Facing tough new penalties for selling alcohol to minors, New South Wales bottleshops question why minors themselves and adults involved in secondary supply have not been hit with a similar deterrent.

The NSW Government last week passed the Liquor Amendment (Statutory Bill) 2014, enforcing a tough new escalating penalty regime for the offence of selling alcohol to a minor on licensed premises, including suspensions and cancellations of liquor licences. The new legislation will come into effect before the end of 2014.

Liquor Stores Association NSW executive director Michael Waters said the association appreciated the government's challenge in striking the right balance between community expectations, individual and industry responsibility.

"We understand it’s difficult to get the balance right on this but unfortunately this balance still has not been achieved. The new legislation carries very serious penalties and implications for licensees, yet no increased penalty for minors who knowingly break the law by attempting to enter and purchase alcohol before the legal age.

“Innocent mistakes will be subject to the whim of a government bureaucrat with no access to procedural fairness as rights of appeal have been removed. The possibility of forced closure just because an RSA-trained staff member checked an incorrect form of ID could result in devastating consequences for liquor retailers, many who have invested their superannuation or retirement savings into their businesses.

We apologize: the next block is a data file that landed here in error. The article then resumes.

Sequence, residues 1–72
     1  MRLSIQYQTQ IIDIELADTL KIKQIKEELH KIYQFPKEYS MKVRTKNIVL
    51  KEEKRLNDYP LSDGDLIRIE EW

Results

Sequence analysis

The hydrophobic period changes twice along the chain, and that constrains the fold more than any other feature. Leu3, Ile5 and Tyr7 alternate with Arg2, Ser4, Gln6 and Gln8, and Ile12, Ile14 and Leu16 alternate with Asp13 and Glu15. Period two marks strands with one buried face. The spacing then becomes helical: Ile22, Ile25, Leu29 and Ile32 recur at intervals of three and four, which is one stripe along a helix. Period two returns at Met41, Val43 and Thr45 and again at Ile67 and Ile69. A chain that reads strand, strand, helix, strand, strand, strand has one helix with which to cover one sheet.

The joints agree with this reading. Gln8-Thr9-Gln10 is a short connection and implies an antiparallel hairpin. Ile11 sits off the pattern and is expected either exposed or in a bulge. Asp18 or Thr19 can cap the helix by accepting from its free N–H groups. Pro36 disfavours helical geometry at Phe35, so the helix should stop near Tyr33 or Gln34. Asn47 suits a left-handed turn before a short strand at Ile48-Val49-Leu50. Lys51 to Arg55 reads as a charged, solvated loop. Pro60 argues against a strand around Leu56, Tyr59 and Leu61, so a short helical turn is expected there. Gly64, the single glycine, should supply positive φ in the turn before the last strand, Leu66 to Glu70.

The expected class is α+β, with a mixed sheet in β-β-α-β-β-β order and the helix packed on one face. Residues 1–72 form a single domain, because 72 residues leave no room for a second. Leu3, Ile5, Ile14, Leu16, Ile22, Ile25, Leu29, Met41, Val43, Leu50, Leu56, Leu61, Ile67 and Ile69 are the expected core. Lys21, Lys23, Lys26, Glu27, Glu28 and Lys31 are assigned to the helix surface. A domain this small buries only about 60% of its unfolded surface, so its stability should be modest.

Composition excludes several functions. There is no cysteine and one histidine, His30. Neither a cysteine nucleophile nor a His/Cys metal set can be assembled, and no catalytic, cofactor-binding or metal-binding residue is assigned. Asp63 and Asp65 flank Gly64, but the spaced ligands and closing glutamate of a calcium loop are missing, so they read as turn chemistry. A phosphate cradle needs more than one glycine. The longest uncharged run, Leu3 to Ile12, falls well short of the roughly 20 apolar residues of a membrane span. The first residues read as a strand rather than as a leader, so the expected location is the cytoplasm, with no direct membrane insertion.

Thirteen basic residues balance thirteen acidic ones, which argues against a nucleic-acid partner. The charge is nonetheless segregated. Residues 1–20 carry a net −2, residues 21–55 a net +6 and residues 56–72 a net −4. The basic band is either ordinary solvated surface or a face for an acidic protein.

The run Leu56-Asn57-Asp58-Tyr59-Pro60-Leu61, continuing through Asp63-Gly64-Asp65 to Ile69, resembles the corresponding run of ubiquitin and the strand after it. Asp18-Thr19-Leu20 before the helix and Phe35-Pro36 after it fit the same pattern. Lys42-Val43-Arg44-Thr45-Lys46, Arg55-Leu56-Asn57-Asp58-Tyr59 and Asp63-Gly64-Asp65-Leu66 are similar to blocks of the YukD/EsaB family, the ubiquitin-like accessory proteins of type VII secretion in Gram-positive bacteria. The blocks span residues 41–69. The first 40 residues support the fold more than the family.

"Considering the historically very small number of prosecutions for underage service, this does seem like overkill when the evidence1 consistently tells us that minors are far less likely to purchase alcohol at licensed premises, and more likely to obtain it through parents, friends or older siblings of legal purchasing age, and this is where government should be focusing.”

LSA NSW called on Government to focus on the major problem area – those adults who knowingly supply alcohol to minors.

"Government needs to send a strong message to those individuals that fines of up to $11,000 and 12 months imprisonment apply, and invest more resources towards educating the community, including parents, of their social and individual responsibility. Laws like this already exist but just need better education and enforcement."

"To achieve the kind of lasting outcomes that the community wants and deserves will take continued combined effort from all sectors of the industry, legislators and the community to change drinking culture to tackle underage drinking behaviours," Waters said.

The Shout Team

The leading online news service for Australia's beer, wine, spirits and hospitality industries.

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